b) Average of 3 separate trials; standard deviation in parentheses.
c) Average of 2 separate trials; standard deviation in parentheses.

Table 3. Properties of Starch-g-Polyacrylamide Copolymers From Normal
Starch.

Starch/acrylamide Conversion Graft content Grafting
 ratio (%) (%) efficiency (%)

 5:1 (163) (a) 89.2 13.7 75.7
 3:1 (180) 85.2 18.9 77.3
 2.1:1 (200) 90.4 25.8 79.0
 1.6:1 (220) 87.9 29.0 79.2
 1.3:1 (240) 82.7 31.6 77.3

Starch/acrylamide PAAm [M.sub.W] Solubles % PAAm
 ratio (g/mol x [10.sup.-3] (%) (in solubles)

 5:1 (163) (a) 178.2 11.6 33.5
 3:1 (180) 275.0 12.0 40.8
 2.1:1 (200) 348.5 10.8 56.6
 1.6:1 (220) 322.0 10.4 65.8
 1.3:1 (240) 527.0 12.4 65.7

Starch/acrylamide AGU/graft
 ratio

 5:1 (163) (a) 3460
 3:1 (180) 3640
 2.1:1 (200) 3090
 1.6:1 (220) 2430
 1.3:1 (240) 3520

Moisture content = 50%; screw speed = 150 rpm; starch feed rate = 67.5
g/min (dry basis).

(a) Total feed rate in g/min for all components in parentheses.

Table 4. Properties of Starch-g-Polyacrylamide Copolymers From Waxy
Maize Starch.

Starch/acrylamide Conversion Graft content Grafting
 ratio (%) (%) efficiency (%)

 5:1 (163) (a) 94.9 10.7 65.6
 3:1 (180) 93.1 16.5 76.6
 2.1:1 (200) 94.4 20.8 56.5
 1.6:1 (220) 98.2 26.1 59.3
 1.3:1 (240) 83.1 26.2 60.6

Starch/acrylamide PAAm [M.sub.w] Solubles % PAAm
 ratio (g/mol x [10.sup.-3] (%) (in solubles)

 5:1 (163) (a) 241.5 12.0 41.1
 3:1 (180) 278.0 8.0 58.0
 2.1:1 (200) 227.4 19.6 65.7
 1.6:1 (220) 314.1 20.8 68.3
 1.3:1 (240) 358.3 19.6 69.8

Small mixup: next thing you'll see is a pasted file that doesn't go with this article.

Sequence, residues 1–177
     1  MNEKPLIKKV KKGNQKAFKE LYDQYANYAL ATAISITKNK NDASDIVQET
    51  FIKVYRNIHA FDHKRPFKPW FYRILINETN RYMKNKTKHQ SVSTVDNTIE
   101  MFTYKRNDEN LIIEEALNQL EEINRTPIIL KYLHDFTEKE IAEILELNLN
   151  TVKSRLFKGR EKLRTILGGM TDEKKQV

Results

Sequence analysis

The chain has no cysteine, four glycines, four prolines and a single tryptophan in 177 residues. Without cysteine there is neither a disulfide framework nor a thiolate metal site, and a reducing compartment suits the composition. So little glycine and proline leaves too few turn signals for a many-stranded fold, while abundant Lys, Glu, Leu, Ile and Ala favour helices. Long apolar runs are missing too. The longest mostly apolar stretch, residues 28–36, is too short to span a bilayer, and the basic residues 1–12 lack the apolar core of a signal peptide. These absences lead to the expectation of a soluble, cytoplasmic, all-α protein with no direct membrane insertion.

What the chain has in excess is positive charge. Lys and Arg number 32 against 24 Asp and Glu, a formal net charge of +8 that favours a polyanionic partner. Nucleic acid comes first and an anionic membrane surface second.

Starch/acrylamide AGU/graft
 ratio

 5:1 (163) (a) 6220
 3:1 (180) 4340
 2.1:1 (200) 2670
 1.6:1 (220) 2740
 1.3:1 (240) 3120

Moisture content = 50%; screw speed = 150 rpm; starch feed rate = 67.5
g/min (dry basis).

(a) Total feed rate in g/min for all components in parentheses.

Table 5. Effect of Extrusion Temperature on Graft Copolymerization of
Starch and Acrylamide.

 Extrusion Conversion Graft Graft PAAm [M.sub.w] (g/mol
temperature (%) content efficiency x [10.sup.-3])
([degrees]C) (%) (%)

 110 80.6 18.3 71.4 228.3
 100 104.1 24.1 77.2 404.1
 90 96.7 23.3 80.3 336.7
 80 80.9 20.2 78.9 262.0
 70 92.8 21.2 73.9 244.6
 60 88.7 21.1 74.3 208.9
 50 91.7 20.4 74.2 303.0

 Extrusion Solubles % PAAm AGU/graft
temperature (%) (in.solubles)
([degrees]C)

 110 16.0 38.3 3150
 100 12.8 48.4 3930
 90 11.2 45.3 3420
 80 12.5 38.3 3200
 70 13.6 47.6 2810
 60 12.8 49.6 2410
 50 10.4 61.2 3650

Feed rate = 180 g/min; moisture content = 50%.
Starch/acrylamide ratio = 3:1.
Screw speed = 150 rpm.


ACKNOWLEDGMENTS

The authors gratefully acknowledge the assistance of B. K. Jasberg, R. P. Westhoff, G. D. Grose, R. L. Haig, J. Salch, and T. Hathway.

* Corresponding author: willetjl@ncaur.usda.gov

Names are necessary to report factually on available data: however, the USDA neither guarantees nor warrants the standard of the product, and the use of the name by USDA implies no approval of the product to the exclusion of others that may also be suitable.

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J. L. WILLETT* and V. L. FINKENSTADT

Plant Polymer Research Unit U.S. Department of Agriculture, Agricultural Research Service National Center for Agricultural Utilization Research Peoria, Illinois